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Avengers #41
Marvel Comics

Comic Books

‘Avengers’ #41 review

Avengers #41 is a single-issue microcosm of Aaron’s run with the team: a solid outing, but there could be more.

A tournament to the death storyline is a classic, albeit overdone comic trope. Still, Avengers #41 approaches the idea with enough novelty and pertinent themes to lend some positivity to the trite plot. Writer Jason Aaron is no stranger to long-form storytelling, or even the Phoenix Force itself, using the strong history of characters at his disposal to imbue the story with gravitas. In concert with Javier Garron’s designs and eye-catching art, the second entry into the “Enter the Phoenix” story arc is flawed but fun. Despite some apprehension to the implications the story may bring, Avengers #41 is a fun ride with a who’s who of the Marvel Universe.

The Phoenix has returned to Earth. A tournament is underway to determine the Phoenix Force’s new host, with contestants made up of Earth’s mightiest heroes and vilest villains. The world’s greatest heroes and villains are pitted against each other in locales spanning the globe, imbuing the fighters with the Phoenix Force remnants for battle. Having narrowly survived the first round, the next wave of battles begins. However, the Phoenix’s true intentions or determining factors for a new host remain in question.  All the fighters are kept in the White Room, only building the tension and dissidence. More importantly, what role T’Challa plays in all of this?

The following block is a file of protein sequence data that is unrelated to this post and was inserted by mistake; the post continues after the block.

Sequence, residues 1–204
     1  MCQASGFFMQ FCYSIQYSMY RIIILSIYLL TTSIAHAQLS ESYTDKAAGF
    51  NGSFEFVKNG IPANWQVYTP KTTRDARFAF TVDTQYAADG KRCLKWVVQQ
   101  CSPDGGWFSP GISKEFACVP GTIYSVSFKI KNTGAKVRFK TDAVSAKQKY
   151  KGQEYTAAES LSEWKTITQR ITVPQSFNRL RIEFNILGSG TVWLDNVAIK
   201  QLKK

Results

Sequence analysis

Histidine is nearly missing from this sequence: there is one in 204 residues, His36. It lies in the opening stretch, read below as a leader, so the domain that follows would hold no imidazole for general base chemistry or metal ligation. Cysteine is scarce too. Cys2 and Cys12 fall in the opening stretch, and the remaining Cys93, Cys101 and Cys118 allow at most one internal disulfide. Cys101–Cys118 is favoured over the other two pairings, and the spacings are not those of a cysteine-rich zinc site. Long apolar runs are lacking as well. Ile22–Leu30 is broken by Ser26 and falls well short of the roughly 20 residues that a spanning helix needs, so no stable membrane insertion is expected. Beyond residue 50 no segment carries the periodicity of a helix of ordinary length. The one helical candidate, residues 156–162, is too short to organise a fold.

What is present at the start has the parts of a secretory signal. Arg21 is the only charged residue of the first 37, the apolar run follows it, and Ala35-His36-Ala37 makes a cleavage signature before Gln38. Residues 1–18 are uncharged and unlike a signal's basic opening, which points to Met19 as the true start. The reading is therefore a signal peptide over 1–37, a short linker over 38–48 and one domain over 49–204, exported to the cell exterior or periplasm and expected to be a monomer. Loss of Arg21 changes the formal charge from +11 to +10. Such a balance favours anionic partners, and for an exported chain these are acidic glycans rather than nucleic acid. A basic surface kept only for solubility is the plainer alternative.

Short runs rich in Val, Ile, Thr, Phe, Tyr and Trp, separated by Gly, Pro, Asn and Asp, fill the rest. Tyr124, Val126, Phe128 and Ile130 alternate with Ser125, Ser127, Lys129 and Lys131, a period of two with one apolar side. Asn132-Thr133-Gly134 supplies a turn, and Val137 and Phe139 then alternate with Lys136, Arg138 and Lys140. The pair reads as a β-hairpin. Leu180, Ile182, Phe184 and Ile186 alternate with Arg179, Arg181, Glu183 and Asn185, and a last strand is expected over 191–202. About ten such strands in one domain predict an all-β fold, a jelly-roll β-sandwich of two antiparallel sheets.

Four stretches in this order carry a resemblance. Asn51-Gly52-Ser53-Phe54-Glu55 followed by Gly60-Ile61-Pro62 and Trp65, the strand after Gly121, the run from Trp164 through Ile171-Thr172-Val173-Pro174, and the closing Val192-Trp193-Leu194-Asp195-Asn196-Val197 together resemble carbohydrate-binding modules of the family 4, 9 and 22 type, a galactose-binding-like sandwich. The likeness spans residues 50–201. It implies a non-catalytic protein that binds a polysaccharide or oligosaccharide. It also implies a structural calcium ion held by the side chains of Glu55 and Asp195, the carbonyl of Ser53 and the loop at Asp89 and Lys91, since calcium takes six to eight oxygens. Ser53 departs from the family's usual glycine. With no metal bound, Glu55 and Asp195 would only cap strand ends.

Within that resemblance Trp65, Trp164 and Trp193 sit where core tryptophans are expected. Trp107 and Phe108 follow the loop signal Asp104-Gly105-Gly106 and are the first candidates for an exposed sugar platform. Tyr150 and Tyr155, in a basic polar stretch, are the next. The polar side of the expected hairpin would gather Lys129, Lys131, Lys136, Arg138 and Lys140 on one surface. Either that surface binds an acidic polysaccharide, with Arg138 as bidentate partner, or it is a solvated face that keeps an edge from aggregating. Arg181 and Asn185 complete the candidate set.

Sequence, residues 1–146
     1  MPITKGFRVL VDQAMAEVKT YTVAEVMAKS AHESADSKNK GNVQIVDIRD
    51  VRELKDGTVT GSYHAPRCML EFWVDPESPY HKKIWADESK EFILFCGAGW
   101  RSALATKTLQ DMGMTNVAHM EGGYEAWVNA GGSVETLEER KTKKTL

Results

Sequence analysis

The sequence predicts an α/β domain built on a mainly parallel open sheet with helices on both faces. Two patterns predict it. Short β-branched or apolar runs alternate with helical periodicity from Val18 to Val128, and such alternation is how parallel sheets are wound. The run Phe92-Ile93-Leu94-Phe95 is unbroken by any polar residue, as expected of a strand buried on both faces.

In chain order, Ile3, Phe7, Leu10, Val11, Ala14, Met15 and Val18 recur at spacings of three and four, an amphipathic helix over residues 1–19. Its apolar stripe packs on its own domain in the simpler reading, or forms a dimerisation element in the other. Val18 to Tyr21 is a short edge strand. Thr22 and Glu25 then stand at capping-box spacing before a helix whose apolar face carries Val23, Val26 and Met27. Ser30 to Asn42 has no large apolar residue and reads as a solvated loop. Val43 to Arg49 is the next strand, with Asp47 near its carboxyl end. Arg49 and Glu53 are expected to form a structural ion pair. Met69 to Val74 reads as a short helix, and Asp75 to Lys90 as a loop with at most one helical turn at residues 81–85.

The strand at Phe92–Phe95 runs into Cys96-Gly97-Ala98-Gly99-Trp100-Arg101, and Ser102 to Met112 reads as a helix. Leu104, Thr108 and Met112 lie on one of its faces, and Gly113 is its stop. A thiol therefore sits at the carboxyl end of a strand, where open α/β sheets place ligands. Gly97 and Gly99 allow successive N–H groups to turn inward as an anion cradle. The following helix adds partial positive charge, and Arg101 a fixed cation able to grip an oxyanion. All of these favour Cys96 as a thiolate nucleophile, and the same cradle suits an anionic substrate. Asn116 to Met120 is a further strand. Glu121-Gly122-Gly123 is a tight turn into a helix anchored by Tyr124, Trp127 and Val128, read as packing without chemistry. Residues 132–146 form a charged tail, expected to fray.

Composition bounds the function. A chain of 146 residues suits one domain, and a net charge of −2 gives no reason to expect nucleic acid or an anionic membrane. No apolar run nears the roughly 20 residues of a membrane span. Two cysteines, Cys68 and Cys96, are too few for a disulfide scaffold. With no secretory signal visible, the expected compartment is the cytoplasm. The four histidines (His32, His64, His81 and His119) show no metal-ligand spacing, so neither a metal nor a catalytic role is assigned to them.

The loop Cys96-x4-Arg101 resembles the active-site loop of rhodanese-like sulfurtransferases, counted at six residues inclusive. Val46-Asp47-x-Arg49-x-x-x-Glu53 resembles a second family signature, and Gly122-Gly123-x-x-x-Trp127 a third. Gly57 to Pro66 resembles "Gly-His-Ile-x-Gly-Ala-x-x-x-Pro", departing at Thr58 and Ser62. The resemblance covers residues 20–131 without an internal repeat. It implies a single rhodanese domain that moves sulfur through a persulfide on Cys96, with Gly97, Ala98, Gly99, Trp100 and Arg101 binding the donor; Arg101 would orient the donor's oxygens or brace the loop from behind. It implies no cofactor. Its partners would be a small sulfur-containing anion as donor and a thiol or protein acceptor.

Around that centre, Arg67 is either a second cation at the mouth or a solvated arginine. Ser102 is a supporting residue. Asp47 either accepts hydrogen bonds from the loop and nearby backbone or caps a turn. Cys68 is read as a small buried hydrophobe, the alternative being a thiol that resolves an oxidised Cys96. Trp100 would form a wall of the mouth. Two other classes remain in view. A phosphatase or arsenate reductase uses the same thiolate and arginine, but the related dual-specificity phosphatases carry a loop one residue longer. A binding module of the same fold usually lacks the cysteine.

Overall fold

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This issue is a mixed bag, with some foibles that remain evident to your tenured comic reader. If you’ve read a comic, played a video game, or – most notably – watched any anime in the last 20 years, you understand how oversaturated the market has become with this arc. At this point, it practically feels like a mandatory step in every hero’s journey. An obvious comparison will be made to the recent X of Swords storyline running throughout Marvel’s X-books pages. Another tournament, another set of dire consequences. That’s an understandable comparison, but unfair to the narrative Aaron is presenting. Having thoroughly enjoyed Aarons’s work on Thor run, it’s only fair to give “Enter the Phoenix” the benefit of the doubt. It remains to be seen what, if any, ramifications this arc will have on the Avengers and Marvel Universe.